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The Trobriand Islanders' underworld of love: Eschatology codified in songlines [invited talk]

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Senft,  Gunter
Language and Cognition Department, MPI for Psycholinguistics, Max Planck Society;
Categories across Language and Cognition, MPI for Psycholinguistics, Max Planck Society;

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Citation

Senft, G. (2011). The Trobriand Islanders' underworld of love: Eschatology codified in songlines [invited talk]. Talk presented at The 2011 Tokyo Workshop on Emancipatory Pragmatics. Kyoritsu Women's University Tokyo. 2011-02-28 - 2011-03-02.


Cite as: http://hdl.handle.net/11858/00-001M-0000-0011-29CA-8
Abstract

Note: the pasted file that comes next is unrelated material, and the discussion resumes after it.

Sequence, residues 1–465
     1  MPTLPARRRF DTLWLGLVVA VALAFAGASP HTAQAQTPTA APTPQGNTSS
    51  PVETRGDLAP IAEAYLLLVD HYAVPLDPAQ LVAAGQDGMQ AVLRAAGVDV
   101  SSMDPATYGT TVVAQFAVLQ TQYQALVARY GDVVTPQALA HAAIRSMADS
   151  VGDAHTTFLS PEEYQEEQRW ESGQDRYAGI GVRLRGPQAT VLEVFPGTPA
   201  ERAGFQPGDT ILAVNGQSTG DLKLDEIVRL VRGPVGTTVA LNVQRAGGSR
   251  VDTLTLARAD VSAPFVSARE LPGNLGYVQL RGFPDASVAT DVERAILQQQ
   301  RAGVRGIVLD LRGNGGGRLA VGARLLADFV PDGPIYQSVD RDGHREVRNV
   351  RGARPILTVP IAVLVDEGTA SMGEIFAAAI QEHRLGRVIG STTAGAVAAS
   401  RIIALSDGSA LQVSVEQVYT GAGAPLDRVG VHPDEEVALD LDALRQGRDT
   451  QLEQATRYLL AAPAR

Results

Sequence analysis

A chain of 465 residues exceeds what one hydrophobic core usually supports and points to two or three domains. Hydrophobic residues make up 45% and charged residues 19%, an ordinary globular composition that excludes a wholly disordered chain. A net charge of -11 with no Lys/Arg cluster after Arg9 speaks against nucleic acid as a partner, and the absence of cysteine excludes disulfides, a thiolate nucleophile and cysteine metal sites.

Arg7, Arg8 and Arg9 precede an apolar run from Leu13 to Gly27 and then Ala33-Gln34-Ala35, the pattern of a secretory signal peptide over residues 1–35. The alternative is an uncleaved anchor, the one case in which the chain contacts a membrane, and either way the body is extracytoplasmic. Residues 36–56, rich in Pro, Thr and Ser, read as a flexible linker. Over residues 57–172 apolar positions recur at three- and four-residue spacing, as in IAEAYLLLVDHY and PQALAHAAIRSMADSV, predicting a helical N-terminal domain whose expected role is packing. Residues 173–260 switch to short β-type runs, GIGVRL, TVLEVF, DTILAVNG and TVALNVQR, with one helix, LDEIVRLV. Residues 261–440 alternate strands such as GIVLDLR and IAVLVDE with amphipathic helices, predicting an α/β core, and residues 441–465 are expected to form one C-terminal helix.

The Trobriand Islanders complex eschatological belief system explains in detail what happenes when a Trobriander dies. Bronislaw Malinowski described the essentials of this belief system in his famous articles "Baloma: the Spirits of the Dead in the Trobriand Islands" and "Myth in Primitive Psychology" In these papers he also presented the Trobrianders belief in the fact that a spirit of the dead, a "baloma" can be reborn; in connection with this myth he claimed that the Trobrianders are actually unaware of the father's role as genitor. This talk presents not only a critical review of Malinowski's ethnography of Trobriand eschatology, it also documents highly ritualized songs - the "wosi milamala" the songs of the harvest festival - which are sung in an archaic variety of Kilivila - the "biga baloma" - the language of the spirits of the dead. In these songs the Trobriand Islanders have codified many aspects of their eschatological belief system. It seems that Malinowski was not aware of these songs. Thus this talk provides for the first time a comprehensive ethnographic overview of Trobriand eschatology. Until the mid 60s of the last century the Trobrianders used the "biga baloma" to communicate with the spirits of the dead; however, in the meantime the sungs are still sung during the harvest festival and after the death of a Trobriander, but there are only a few people left who still understand the "wosi milamala". They are a moribund genre of Kilivila - and with them the Trobriand Islanders' complex indigenous eschatology will vanish.